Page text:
If you’ve ever gone out to dinner in China, chances are you’ve been given cigarette after cigarette from a bewildering variety of brands and packaging. Whether you embrace them or not, each one has its meaning and makes a special message. Smoking is a means of showing one’s social standing, friendship, and local pride. In China, most males smoke, and they often use cigarettes to break the ice or lubricate other social channels.
China’s tobacco business is massive: it made $90 billion in profit in 2010 and currently produces 40% of the world’s tobacco. The China National Tobacco Corporation is the world’s biggest manufacturer, controlling nearly all transportation, storage, and marketing of the country’s cigarettes, which are subsequently sold by dozens of various regional businesses.
Although anti-smoking efforts are gaining momentum, with over 300 million smokers in China, tobacco will continue to be an essential part of the culture for the foreseeable future. Here are some of the most well-known brands found across the country and beyond:
Top Chinese Cigarette Brands
Zhonghua, the most well-known brand, symbolizes every successful business person, government official, or Party member. They’re not cheap, at about 50 RMB each pack, yet carton after carton is presented as presents and expressions of gratitude throughout the nation every day.
Although they are often linked with Chairman Mao, the appeal of this cigarette extends beyond the personality cult: it is readily identifiable as an expensive, high-quality, face-giving cigarette. It’s a safe, yet cautious, bet.
Zhongnanhai, named after the Party’s administrative building in Beijing, was created explicitly for Mao Zedong beginning in the 1960s and is a logical go-to in Beijing. This kind, which has a light flavor, is also very popular with foreigners for some reason. Each pack contains one milligram, five milligrams, eight milligrams, and ten milligrams and costs less than ten RMB.
The package of Zhongnanhai cigarettes confirms that they are produced from a mix of the world’s best tobacco and botanicals. In the late 1960s, the cigarettes were custom-made for Chairman Mao Zedong. However, the Chairman’s death necessitated substantial product innovation since sales plummeted immediately following his death.
Soon after, Mr. Gu, the general manager of Beijing Tobacco, took over the brand, making it a household name among the country’s youth and the best-selling brand in China.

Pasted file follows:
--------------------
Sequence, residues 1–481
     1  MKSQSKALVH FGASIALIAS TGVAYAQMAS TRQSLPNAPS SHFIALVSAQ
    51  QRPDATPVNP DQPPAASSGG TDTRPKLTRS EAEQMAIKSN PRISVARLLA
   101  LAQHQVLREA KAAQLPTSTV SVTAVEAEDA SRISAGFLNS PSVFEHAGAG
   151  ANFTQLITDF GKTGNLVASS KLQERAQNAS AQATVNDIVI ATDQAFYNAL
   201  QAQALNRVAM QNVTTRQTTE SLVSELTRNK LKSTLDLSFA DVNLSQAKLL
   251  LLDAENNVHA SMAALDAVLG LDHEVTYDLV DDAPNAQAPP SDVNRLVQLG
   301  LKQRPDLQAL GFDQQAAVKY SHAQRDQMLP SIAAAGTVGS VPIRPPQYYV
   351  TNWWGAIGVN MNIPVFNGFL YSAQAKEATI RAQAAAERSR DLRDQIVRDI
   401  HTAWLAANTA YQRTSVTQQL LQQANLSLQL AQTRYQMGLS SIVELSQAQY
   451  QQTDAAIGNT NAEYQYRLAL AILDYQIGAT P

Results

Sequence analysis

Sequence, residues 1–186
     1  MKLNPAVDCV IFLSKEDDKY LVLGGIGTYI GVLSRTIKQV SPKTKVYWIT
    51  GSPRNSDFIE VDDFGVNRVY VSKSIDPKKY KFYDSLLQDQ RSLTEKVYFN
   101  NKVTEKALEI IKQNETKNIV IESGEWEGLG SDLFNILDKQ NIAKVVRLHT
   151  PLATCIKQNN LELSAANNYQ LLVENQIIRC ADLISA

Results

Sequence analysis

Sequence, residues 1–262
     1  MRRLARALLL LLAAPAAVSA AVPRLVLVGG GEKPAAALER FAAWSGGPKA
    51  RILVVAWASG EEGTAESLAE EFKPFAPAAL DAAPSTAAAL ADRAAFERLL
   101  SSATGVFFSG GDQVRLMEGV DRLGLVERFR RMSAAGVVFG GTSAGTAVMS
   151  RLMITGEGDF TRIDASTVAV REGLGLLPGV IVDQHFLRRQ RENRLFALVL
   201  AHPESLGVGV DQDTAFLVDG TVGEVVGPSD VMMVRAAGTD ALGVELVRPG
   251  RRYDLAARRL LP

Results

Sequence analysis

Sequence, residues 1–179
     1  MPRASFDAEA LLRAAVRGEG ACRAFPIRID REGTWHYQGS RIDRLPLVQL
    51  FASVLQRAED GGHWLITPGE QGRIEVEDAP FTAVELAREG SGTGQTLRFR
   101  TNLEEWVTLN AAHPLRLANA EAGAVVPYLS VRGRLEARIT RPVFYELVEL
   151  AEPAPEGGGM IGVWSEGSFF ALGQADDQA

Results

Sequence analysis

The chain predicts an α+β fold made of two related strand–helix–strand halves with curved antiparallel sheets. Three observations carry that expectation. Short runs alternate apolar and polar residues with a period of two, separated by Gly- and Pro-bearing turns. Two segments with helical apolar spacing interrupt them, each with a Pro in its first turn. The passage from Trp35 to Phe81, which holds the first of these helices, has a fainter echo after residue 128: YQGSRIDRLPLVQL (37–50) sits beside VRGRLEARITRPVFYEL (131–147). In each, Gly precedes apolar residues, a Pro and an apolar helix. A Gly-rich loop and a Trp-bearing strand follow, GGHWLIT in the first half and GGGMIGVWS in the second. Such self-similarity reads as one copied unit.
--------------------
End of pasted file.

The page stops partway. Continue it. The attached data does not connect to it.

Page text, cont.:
Lesser Panda, a famous label from Deng Xiaoping’s home Sichuan, may choose anyone wishing to express their appreciation. But, in reality, he favored a Lesser Panda mix produced from the tips of leaves and selling for as much as $100 per box in Beijing government shops. The Shanghai Tobacco Group owns the brand, although the majority of the tobacco is produced in Sichuan.
Deng was never seen without a cigarette in his 92 years, and once he discovered the brand, it was panda all the way. Slowly and gradually, the brand was positioned as a sign of power and social status, and in China, you mainly observed this cigarette brand being smoked by generals and politicians. People who have a great deal of regard for the late Deng are the most avid smokers of Panda cigarettes.
Furthermore, cigarettes were constructed such that one-third of the cigarette had a filter that was inclined to produce an unpleasant flavor owing to the high nicotine concentration.
Most cigarette brands are linked with a particular area, and residents will often smoke the brand associated with their hometown. For example, a person smoking Pride is most likely from Sichuan or was exposed to it by a local. It’s another brand with pricing ranging from 8 to 50 RMB.
The Xi’an brand Haomao (good cat) is popular in the rugged and cold Shaanxi area. There aren’t many brands from the frozen North, and they’re uncommon in regions with more concentrated cigarette markets. You may have never seen Haomao if you live in Shanghai. Going out of your way to acquiring a pack demonstrates your commitment to the area. They start at 10 RMB and go up to 50 RMB for the gleaming Chengshi box.
Brand loyalty demonstrates how profoundly the tobacco business impacts certain areas of the nation, especially in Yunnan, the country’s tobacco-growing behemoth. Yuxi is one of China’s largest construction firms, having constructed schools, highways, parks, and even a cigarette-themed amusement park in Yuxi, Yunnan. Their silver 9 RMB packets are selling well in China. Who knows, you could even meet someone with a diamond pack worth 160 RMB.